In a finding that will energize research into new treatments for hair loss, stem cells in mouse hair follicles have been shown to regenerate new hair and hair follicles after being implanted into the skin of mice. Writing in the April issue of Nature Biotechnology, George Cotsarelis and colleagues also show that the stem cells can turn into various types of skin cells.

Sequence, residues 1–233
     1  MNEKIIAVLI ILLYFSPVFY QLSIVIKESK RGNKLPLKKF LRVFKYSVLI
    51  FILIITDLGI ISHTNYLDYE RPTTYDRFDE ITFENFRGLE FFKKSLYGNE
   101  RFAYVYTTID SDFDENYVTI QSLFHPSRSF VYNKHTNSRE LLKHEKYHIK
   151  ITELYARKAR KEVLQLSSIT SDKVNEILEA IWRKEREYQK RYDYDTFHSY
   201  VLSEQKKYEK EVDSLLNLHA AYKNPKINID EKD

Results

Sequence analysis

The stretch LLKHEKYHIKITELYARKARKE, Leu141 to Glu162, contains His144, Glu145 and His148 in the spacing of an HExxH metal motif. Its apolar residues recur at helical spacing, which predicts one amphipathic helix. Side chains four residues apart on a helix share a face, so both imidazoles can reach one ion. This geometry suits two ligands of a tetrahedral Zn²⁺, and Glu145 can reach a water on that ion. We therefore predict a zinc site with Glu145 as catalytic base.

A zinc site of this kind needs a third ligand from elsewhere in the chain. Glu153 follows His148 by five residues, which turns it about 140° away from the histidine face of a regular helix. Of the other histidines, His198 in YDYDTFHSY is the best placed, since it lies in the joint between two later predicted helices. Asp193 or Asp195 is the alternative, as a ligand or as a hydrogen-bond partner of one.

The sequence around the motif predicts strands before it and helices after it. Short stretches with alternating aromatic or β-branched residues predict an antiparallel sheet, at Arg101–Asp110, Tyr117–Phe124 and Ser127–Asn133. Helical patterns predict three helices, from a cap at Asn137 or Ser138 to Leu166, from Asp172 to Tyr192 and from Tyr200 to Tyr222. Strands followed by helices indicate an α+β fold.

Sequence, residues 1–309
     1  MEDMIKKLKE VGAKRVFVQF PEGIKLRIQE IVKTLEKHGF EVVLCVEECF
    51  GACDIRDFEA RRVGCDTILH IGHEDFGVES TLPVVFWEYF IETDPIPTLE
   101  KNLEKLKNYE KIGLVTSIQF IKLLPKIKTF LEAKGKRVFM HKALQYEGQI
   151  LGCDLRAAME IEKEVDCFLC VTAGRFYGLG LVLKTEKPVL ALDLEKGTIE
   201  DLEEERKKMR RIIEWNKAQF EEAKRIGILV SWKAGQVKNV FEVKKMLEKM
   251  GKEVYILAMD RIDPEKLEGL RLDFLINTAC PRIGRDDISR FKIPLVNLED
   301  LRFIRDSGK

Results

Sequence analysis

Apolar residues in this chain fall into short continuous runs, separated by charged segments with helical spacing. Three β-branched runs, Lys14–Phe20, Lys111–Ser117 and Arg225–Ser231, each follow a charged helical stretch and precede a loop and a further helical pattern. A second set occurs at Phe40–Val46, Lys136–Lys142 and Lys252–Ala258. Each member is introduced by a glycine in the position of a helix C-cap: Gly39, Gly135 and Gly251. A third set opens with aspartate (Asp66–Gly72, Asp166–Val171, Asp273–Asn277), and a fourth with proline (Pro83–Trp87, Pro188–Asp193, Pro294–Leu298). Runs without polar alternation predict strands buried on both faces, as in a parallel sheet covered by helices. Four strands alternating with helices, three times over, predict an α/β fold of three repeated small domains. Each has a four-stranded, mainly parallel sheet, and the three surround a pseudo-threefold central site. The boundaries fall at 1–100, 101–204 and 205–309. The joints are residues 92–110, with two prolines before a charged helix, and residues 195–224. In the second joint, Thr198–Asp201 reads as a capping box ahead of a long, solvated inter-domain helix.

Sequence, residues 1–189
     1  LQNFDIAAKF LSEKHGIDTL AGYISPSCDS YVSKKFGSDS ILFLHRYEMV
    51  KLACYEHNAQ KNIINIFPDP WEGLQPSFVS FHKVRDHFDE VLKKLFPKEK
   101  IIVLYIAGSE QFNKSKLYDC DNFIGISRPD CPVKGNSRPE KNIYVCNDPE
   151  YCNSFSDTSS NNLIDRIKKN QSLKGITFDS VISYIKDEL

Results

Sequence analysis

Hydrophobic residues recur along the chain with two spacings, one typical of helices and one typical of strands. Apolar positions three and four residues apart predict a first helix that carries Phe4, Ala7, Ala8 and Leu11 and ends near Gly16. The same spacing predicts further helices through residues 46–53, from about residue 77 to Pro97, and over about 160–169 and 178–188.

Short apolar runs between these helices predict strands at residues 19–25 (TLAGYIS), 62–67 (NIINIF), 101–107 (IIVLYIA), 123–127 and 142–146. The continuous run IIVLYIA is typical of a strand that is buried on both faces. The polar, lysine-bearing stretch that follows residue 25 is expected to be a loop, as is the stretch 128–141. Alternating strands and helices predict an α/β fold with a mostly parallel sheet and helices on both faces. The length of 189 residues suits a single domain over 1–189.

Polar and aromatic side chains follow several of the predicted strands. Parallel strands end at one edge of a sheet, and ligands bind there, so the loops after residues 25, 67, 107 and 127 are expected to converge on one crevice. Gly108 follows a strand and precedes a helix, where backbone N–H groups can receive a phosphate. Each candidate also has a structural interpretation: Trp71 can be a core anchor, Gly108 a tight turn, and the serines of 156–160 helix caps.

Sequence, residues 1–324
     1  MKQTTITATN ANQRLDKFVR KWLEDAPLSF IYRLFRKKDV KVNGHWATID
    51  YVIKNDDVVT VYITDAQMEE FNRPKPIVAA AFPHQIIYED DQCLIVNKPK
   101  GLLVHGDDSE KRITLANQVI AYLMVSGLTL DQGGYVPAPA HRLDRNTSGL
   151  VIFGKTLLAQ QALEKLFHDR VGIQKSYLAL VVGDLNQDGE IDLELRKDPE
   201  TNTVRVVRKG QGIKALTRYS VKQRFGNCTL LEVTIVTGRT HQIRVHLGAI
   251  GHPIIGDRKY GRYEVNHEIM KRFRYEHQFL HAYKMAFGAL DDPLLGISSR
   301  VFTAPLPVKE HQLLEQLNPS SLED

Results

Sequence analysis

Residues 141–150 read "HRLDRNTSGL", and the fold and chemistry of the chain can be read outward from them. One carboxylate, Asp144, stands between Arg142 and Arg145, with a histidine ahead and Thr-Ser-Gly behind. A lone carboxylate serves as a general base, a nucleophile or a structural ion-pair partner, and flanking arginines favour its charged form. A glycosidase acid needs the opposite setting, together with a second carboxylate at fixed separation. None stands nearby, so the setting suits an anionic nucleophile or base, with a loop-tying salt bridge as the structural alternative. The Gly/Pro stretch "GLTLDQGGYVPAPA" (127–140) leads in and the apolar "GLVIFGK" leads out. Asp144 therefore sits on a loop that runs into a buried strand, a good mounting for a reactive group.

Although scientists have suspected that hair follicles contain stem cells, the new work uses sophisticated cell labeling techniques in transgenic mice to isolate these cells and prove conclusively that they develop into all the mature cell types of the hair follicle and are therefore bona fide stem cells. When the stem cells were mixed with skin cells and transplanted into the skin of immunodeficient mice, they spontaneously grew into fully formed hair follicles that produced hair. The researchers also identified a set of genes that are 'turned on' in the stem cells, providing many new potential targets for altering hair growth. The isolation of hair follicle stem cells holds promise for the development of new approaches to treating hair loss and other disorders of the hair and skin.
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